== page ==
Clearer?

best regards
Pelle

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 Post subject: Seat position - Thanks
PostPosted: Mon Mar 23, 2009 9:34 pm 
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Thanks Pelle.

I will move forward a bit - continue doing what I'm doing working on being more relaxed in the legs and clean up my upper body posture. From lesson one I have had problems keeping my hands low and still.

In about a months time I will get Jane to take another clip and we will see how its looking.

Love to buy you all a beer! Well one day maybe :D


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 Post subject:
PostPosted: Wed Mar 25, 2009 4:59 pm 
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Joined: Mon Sep 15, 2008 6:29 am
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Hi Bryan,

Just to add my 2 cents worth :-P Do you know what size saddle you are riding in at the school? If the saddle is too small for you it can be hard to get forward enough in the seat without resting yourself on the pommel. That not a good thing to do :wink:

Welcome is a pretty good riding school, but i know that they arnt the best equipt for adults and particularly adult males.

loosening up at the hip can be a hard one to explain without Pelle poking you in the tight hip muscle. I have trouble with it too and to be honest hadnt thought about the whole denim jeans thing. Good excuse to buy some breeches i think. I just want to point out too that this stuff will take a bit of time to get, particularly if you arnt riding several times a week. so dont beat yourself up over it if you dont nail it next ride ok!!

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 Post subject: Re: Seat at trot preparing for canter - Saddle
PostPosted: Wed Mar 25, 2009 10:36 pm 
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Hi Luke,

At Welcome... I think on size fits all! :lol: Really don't have a choice and I don't get the same horse or saddle. Anything can happen but I think the saddle goes more with the horse but I know on Sissy I have ridden on at least two may be three different saddles.

Don't think I can do much about that at the moment... Understand the saddle needs to be a fit for the horse, the rider and the type of riding you are doing. For the moment I need to work with what I am given and become a good technican and not blame my tools unless it is exceptionally wrong. :lol:

But this is a good point that I hadn't thought off.. really only considered the fit to the horse!

I will find out today what size saddle they put me in today.

Bryan.


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 Post subject: Re: Seat at trot preparing for canter - Saddle
PostPosted: Wed Mar 25, 2009 11:47 pm 
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Ridelærer
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Bryan wrote:
For the moment I need to work with what I am given and become a good technican and not blame my tools unless it is exceptionally wrong. :lol:


Haha, well said ;) As long as it's not a saddle thats made wrong, and pushes you out of position I think you should focus on yourself more than the gear. I wouldn't expect the riding school to keep the most expensive saddles for their horses, but the ones they have normally works alright. Not saying that you shouldn't think about that at all, only that that you should keep the focus on you, not the saddle ;)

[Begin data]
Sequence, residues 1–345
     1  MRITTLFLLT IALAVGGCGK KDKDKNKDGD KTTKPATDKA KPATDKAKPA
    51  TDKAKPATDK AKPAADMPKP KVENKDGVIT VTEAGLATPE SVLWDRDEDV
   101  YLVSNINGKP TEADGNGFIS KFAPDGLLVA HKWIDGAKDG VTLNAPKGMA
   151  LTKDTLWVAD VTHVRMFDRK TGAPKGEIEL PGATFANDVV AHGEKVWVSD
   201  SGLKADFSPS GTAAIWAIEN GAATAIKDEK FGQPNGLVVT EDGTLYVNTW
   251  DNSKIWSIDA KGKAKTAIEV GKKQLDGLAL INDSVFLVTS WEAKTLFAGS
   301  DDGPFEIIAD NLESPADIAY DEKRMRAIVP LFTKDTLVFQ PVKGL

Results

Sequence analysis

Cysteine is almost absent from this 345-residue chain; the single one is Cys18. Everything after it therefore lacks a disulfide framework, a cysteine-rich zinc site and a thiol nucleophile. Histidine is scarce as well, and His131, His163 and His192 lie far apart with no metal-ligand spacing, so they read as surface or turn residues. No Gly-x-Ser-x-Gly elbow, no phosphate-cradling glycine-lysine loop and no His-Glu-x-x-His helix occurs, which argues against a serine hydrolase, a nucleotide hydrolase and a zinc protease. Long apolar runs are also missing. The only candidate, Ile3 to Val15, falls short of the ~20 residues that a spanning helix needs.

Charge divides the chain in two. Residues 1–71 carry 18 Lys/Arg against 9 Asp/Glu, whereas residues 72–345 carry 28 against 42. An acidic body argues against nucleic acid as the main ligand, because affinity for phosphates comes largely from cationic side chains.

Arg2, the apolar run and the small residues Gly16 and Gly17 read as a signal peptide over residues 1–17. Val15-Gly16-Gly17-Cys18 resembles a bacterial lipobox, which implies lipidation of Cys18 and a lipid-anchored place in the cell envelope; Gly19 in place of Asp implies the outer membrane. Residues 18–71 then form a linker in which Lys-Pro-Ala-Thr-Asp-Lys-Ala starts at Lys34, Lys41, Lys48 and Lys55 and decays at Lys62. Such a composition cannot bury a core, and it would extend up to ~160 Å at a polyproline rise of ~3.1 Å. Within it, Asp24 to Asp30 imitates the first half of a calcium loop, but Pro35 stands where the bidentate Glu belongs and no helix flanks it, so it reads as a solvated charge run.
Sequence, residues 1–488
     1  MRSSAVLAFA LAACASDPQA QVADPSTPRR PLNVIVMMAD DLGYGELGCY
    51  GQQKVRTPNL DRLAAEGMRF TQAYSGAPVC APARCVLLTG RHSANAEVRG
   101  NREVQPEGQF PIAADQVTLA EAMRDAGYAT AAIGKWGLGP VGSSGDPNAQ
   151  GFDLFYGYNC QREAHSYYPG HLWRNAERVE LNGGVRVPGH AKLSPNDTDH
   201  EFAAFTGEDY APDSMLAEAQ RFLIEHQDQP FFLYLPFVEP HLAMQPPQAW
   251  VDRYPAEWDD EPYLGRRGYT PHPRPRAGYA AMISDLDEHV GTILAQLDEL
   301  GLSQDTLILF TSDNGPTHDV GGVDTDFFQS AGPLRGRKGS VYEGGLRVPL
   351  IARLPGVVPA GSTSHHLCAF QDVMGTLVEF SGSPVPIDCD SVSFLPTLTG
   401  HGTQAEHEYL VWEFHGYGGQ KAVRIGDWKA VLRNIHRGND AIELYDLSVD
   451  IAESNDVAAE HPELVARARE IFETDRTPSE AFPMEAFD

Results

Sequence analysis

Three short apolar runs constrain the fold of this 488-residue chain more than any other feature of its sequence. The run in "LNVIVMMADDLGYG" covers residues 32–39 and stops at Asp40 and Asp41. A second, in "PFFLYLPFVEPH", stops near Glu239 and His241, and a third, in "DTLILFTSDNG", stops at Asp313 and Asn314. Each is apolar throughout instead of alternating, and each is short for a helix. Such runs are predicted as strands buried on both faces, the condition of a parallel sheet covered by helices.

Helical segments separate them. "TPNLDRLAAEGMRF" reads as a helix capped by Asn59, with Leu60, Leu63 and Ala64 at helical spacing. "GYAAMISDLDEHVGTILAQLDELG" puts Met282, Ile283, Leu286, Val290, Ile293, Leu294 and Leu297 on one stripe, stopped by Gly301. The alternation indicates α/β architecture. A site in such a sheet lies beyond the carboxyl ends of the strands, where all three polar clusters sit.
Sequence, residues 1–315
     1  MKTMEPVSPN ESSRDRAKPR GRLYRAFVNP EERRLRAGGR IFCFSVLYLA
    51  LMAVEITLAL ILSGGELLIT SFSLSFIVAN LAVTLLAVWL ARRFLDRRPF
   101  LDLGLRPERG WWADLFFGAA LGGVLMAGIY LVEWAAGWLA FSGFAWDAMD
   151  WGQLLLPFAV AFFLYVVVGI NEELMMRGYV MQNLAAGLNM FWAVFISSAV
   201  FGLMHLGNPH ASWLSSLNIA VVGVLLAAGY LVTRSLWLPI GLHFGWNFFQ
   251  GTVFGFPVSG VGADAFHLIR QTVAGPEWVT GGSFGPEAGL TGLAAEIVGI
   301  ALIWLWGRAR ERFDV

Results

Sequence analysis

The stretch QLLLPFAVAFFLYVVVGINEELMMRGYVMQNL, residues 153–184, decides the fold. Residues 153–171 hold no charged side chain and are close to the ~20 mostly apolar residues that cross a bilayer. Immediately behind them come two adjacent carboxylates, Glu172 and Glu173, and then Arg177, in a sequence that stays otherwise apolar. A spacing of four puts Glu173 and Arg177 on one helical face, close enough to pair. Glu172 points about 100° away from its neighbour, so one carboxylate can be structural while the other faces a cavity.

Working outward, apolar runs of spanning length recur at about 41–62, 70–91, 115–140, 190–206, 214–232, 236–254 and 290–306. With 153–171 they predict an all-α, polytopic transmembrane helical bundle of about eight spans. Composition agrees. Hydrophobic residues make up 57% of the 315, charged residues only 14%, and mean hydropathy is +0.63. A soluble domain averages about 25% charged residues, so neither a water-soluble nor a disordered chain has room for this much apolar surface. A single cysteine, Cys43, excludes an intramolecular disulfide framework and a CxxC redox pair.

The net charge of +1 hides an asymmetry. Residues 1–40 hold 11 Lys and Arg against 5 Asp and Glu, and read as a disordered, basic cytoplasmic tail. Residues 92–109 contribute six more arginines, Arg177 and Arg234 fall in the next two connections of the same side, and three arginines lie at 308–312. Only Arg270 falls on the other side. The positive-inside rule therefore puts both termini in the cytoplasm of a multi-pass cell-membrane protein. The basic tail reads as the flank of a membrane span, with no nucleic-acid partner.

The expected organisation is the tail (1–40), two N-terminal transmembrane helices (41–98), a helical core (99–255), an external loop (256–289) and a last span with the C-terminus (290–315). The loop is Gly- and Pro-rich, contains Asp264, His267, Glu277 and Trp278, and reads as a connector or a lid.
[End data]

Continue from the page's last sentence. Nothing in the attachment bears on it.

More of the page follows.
Henrikke

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I was always looking outside myself for strength and confidence, but it comes from within. It is there all the time.

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 Post subject:
PostPosted: Thu Mar 26, 2009 6:03 am 
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Squire

Joined: Mon Sep 15, 2008 6:29 am
Posts: 58
hahahah im not suggesting you stop learning to ride and start just blaming the equipment. I know enough riders around the world that use that as their moto.

My intentions obviously didnt come through in my last post.

I was merely suggesting that if you have trouble trying to move forward in the seat, (as Pelle suggested) you may want to check the saddle. i know from experience that trying to sit deep into the lowest part of the saddle can be difficult if you dont fit right. Im sure having saddle's that are too small for you isn't to much of an issue for you Henrikke :wink:

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“The best pastime of all is to be often in good company far from unworthy men and unworthy pastimes” –de Charny


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 Post subject:
PostPosted: Thu Mar 26, 2009 8:17 am 
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White Lady
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Location: Eriksbråten, Skotterud
Luke Binks wrote:
Im sure having saddle's that are too small for you isn't to much of an issue for you Henrikke :wink:


Heehee, right you are, Luke. And I know from Pelle's early tryouts on riding school horses with saddles meant for Henrikke-sized girls, that they were way too small for him, and impossible for him to sit in, so you have a point, Luke.

Hanne

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Paradox is a pointer telling you to look beyond it. If paradoxes bother you, that betrays your deep desire for absolutes. The relativist treats a paradox merely as interesting, perhaps amusing or even, dreadful thought, educational.

Frank Herbert.